Throughout human history, the majority of women died before reaching menopause. Those who survived were ‘rewarded’ with imminent physical decline.

Today, however, our life expectancy is 84 years and we don’t get old at the age of 65 either physically or mentally.

Lydia Bronte, PhD, director of the Aging Society Project and author of The Longevity Factor has discovered that many of us are likely to have three different careers over our lifetime. The first in our thirties and forties, the second in our fifties and sixties and a third in our seventies.

In her research, she discovered that over half of the women she studied had a major peak of creativity beginning at about age fifty and in many cases lasting for twenty-five to thirty years!

This newfound creativity comes from the rewiring women’s brains undergo during menopause. They become biologically primed to transition from focusing on caring for others to exploring the outer world.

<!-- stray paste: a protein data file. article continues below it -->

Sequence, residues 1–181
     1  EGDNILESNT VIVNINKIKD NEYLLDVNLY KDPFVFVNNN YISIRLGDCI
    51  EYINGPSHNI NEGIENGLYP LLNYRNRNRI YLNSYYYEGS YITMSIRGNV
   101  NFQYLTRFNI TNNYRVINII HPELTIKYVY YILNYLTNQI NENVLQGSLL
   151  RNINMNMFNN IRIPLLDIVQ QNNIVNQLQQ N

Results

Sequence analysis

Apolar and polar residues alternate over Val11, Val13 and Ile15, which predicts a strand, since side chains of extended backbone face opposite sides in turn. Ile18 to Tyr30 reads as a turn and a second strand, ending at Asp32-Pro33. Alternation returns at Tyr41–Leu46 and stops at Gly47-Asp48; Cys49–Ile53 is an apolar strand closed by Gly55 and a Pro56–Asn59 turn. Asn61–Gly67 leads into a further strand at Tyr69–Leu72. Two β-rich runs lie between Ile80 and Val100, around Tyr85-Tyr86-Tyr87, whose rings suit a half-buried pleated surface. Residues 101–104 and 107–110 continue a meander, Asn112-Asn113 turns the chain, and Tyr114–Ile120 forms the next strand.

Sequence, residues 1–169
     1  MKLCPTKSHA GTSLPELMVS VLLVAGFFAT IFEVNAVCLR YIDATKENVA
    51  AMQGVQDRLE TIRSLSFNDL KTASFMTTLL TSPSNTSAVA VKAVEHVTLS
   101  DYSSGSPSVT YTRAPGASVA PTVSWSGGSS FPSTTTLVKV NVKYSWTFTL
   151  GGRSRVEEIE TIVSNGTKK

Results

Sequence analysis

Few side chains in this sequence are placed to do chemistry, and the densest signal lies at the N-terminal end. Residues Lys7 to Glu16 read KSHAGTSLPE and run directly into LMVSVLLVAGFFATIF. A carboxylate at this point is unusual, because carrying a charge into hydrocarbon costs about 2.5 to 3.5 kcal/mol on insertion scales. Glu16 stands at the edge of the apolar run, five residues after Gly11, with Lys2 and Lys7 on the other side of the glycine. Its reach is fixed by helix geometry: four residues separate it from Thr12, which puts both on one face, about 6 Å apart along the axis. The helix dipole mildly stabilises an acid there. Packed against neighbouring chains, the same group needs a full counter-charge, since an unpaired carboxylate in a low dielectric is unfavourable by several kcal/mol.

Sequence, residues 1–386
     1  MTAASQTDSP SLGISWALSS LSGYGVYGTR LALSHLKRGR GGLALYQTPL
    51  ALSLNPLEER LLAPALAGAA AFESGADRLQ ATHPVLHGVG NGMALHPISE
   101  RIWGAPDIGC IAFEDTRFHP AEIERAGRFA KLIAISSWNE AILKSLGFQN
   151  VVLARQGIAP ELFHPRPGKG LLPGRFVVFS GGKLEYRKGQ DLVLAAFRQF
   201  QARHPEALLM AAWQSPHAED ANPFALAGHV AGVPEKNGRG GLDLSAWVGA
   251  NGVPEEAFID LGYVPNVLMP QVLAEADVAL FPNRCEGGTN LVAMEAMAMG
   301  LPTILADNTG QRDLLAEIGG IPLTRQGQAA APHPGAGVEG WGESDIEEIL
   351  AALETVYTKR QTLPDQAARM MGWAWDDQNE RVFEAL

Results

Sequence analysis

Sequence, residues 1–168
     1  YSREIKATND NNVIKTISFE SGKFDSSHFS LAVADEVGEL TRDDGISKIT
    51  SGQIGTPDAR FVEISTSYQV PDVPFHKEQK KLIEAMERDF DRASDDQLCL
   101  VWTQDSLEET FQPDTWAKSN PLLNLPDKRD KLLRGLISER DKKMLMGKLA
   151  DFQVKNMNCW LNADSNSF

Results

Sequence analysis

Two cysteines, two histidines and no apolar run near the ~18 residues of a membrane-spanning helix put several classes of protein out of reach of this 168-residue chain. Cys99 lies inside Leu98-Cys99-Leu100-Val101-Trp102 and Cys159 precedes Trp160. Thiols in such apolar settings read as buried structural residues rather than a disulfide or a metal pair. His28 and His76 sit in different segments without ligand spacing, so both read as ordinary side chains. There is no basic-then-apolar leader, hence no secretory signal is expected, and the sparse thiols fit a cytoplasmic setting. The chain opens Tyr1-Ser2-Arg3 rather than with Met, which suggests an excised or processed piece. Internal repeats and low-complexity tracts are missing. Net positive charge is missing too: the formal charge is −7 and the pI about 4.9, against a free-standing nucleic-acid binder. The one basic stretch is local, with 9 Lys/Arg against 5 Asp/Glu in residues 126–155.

For sure, this does not come without its challenges as women in menopause become torn between their traditional role of caretaker and pursuing an unexplored passion, but they need not be mutually exclusive choices.

The wisdom of Menopause

And isn’t it truly amazing to consider that as our bodies come to the end of their ability to reproduce, and our children (if we have them) are beginning to leave home, our brains are preparing us to redefine our lives to continue to grow? This is truly the gift of menopause. The wisdom of menopause.

The Beginning of the End!?

Christiane tells us:

“A 1998 Gallup survey, presented at the annual meeting of the North American Menopause Society, showed that more than half of American women between the ages of fifty and sixty-five felt happiest and most fulfilled at this stage of life.

Compared to when they were in their twenties, thirties and forties, they felt their lives had improved in many ways including family life, interest, friendships, and their relationship with their spouse or partner. In other words, the conventional view of menopause as a scary transition heralding the ‘beginning of the end’ couldn’t be further from the truth.